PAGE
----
Ethel Merman, Mother Teresa...and Me: My Improbable Journey from Châteaux in France to the Slums of Calcutta by Tony Cointreau
My rating: 5 of 5 stars
I thoroughly enjoyed this book! And I highly recommend it to: anyone in a book club (great discussion opportunities within), anyone who is a fan of Ethel Merman or Mother Teresa, anyone who is poor wishing they were rich, anyone who wishes they were loved more as a child, anyone who wants to serve and love others … to anyone: I recommend this book.
This memoir is beautifully written. It is captivating, heart-breaking, haunting, and inspiring.
I honestly had no idea who Tony Cointreau was when this book was offered to me for review, but the title caught me: Ethel Merman, Mother Teresa … And Me
I wanted to know how Ethel Merman and Mother Teresa could share the title of a book. I wanted to know the details of that story.
And an interesting story it is.
It’s about a boy of financial privilege who learns that money, in fact, cannot bring true joy or love into your life. However, championing people in their most vulnerable moments with generosity and kindness … can … and does bring true joy and love into not only your life, but also the lives of others.
Not everyone is able to learn this, and this memoir is peppered with so many suicides of Tony’s friends, acquaintances, and relatives that I lost count of how many lives were lost as a direct result of sadness.
On page two he describes the privileges his mother enjoyed. “Even when she went for a stroll, the chauffeur followed her slowly with the car, in case she tired.” And then later, even after all of his self-enlightenment, Tony writes on page 203, “I felt quite ecstatic about flying first class halfway around the world, landing in a marble palace, and preparing to offer my services to the poorest of the poor dying in Nirmal Hriday—“Home of the Pure Heart.” What’s wrong with this picture? Maybe nothing. I certainly believe my motives were pure. Until then I had only known first class, marble palaces, and high tea, so it seemed perfectly natural to be staying in that environment, without realizing the irony of the situation.” But as Mother Teresa so clearly told Tony later, “… even the rich are hungry for love, for being cared for, for being wanted, for having someone to call their own …” (page 243).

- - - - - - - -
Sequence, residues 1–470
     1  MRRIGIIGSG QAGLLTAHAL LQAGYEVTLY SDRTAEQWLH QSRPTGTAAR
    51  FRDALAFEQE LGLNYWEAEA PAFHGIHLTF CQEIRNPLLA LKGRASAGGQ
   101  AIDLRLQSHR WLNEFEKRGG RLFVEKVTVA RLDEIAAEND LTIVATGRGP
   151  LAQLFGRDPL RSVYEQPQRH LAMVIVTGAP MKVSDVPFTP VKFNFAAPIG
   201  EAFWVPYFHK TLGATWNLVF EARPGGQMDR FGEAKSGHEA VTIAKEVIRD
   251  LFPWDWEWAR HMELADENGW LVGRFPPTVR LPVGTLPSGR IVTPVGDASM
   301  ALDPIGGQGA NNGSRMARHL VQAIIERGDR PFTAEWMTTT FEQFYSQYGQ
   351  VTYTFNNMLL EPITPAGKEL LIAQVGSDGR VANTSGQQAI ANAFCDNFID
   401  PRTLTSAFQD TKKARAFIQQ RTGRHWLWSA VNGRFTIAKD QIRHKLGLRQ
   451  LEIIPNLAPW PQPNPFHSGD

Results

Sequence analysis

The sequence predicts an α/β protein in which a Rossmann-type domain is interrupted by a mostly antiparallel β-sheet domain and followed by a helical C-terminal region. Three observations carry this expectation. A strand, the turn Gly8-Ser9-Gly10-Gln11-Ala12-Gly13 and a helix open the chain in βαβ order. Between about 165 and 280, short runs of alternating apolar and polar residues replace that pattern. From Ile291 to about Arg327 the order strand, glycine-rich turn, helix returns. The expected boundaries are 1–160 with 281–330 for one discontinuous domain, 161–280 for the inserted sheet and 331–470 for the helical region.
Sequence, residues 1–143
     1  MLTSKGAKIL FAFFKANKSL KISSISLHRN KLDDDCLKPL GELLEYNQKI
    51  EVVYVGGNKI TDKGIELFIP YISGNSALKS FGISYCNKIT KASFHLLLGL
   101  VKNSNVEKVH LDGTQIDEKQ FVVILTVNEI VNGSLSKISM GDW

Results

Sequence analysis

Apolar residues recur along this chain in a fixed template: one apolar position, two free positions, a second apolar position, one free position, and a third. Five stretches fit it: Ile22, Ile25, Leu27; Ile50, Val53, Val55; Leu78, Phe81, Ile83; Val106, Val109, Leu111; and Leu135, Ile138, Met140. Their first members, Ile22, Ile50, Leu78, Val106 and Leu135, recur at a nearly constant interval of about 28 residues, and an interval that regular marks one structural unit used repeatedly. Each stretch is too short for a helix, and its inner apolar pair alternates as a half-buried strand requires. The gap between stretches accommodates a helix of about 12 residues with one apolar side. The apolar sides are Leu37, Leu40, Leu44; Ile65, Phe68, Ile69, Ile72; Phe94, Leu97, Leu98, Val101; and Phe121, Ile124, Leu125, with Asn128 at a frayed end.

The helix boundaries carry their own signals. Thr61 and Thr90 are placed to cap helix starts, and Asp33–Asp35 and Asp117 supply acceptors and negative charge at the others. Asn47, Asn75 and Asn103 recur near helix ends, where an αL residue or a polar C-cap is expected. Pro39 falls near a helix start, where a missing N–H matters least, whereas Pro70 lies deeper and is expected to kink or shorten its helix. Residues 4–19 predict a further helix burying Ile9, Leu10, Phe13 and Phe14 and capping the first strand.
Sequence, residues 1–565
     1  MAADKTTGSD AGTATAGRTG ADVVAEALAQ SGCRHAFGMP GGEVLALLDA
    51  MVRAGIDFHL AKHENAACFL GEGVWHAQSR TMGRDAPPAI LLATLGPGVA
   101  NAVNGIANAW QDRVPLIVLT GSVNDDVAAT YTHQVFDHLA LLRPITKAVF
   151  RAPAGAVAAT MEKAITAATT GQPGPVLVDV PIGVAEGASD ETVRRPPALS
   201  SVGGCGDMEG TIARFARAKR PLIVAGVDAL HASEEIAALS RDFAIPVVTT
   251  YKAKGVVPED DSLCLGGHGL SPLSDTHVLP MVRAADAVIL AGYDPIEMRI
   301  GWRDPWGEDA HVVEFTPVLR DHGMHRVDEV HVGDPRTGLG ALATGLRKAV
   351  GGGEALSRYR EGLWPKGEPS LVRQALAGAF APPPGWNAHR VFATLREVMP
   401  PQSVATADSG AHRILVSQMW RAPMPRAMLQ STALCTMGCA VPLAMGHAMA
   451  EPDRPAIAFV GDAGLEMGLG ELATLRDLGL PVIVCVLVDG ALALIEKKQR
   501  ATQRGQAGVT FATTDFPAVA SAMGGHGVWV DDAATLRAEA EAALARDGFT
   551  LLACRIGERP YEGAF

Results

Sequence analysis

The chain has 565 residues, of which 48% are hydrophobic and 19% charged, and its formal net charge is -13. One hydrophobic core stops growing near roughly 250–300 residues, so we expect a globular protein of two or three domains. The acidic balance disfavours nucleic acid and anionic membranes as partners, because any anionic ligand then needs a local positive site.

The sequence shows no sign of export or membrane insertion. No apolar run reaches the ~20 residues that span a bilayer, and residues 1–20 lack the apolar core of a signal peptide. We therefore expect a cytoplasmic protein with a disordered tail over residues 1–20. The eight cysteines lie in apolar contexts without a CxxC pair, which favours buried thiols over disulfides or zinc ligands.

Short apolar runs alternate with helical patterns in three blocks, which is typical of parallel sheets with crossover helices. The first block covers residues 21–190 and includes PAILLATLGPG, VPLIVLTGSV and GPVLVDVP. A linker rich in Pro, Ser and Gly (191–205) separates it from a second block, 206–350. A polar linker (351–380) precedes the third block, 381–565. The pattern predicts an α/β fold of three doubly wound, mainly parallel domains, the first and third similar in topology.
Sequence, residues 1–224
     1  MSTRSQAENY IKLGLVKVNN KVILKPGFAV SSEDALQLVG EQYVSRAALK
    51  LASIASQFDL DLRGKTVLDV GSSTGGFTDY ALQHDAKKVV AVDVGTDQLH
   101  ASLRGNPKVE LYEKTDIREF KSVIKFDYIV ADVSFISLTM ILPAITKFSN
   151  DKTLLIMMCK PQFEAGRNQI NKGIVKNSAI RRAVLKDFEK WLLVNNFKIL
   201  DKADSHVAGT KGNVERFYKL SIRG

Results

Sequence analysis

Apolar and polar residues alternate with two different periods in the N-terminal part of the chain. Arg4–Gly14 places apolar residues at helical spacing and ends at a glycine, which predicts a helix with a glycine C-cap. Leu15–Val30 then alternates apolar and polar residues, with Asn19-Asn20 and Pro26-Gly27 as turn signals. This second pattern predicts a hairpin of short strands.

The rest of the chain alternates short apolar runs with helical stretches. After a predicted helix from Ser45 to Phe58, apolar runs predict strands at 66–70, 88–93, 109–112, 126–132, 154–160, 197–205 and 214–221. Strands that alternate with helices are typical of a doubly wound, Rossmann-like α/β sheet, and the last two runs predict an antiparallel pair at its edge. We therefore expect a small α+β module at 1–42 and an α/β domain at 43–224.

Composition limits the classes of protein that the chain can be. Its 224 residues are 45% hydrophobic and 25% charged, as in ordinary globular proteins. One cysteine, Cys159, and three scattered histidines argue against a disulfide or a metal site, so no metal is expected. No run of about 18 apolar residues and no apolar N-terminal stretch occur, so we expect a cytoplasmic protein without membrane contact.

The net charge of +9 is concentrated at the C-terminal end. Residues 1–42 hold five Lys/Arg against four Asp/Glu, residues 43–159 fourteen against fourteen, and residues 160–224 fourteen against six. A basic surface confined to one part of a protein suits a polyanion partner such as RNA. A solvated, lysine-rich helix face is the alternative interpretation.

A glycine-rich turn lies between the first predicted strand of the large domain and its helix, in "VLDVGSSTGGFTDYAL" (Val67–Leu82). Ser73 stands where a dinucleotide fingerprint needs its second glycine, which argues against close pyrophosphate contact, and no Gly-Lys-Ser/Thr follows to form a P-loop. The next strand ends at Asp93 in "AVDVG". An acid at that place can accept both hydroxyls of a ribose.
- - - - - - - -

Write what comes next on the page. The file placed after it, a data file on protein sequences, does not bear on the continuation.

That’s the truth of this memoir: we all want to be loved and wanted for who we are.
However, there is even more to this memoir. There is so much rich history and emotional story telling. I gasped and cried more than once.
On page 23, Tony writes of his maternal grandmother, “… she had been on the streets of Paris with her two children when a German aeroplane overhead dropped a bomb that exploded on the sidewalk in front of her, killing two women.”
And then on page 36 he writes of his paternal grandparents, who had left their chateau when the Germans occupied it, finally returning to their home. “The next morning when my grandparents entered the gates they were elated to see dozens of American soldiers asleep in the fields next to the house. They approached to greet the men with open arms before they realized that they were all dead.”
In addition to personalizing the details of war and history, Tony also addresses tough topics such as sexual abuse and homosexuality.
If you are someone who has not come to terms with the fact that child abuse exists and influences lives in very deep ways, you may not want to read this book, or you may just want to skip the mere three and a half pages in the chapter titled “My Annus Horribilis” where the author acknowledges his own personal horror that happened to him as a child. I hate reading and thinking about it, but the author did a great job of presenting the facts of what happened without going on and on in unnecessary details. He also did a great job of presenting his feelings about being gay without going into unnecessary details. I respect the fact that he has been on a lifelong search for love, peace, and happiness. We all have to choose our own paths as we search for these things in our own lives.
So what do Ethel Merman and Mother Teresa have in common? According to Tony, they both laughed, and they both made you feel like you were the only person in the world who mattered. They genuinely shared love.
As Mother Teresa is quoted on page 213, “If we look around us we will surely find someone in need. We needn’t go halfway around the world to be of service. There are people everywhere starving for our love.”
And on page 243, Mother Teresa is quoted again, “Be kind, show kindness in your eyes, kindness in your smile. … To all who suffer and are lonely, give always a happy smile.”
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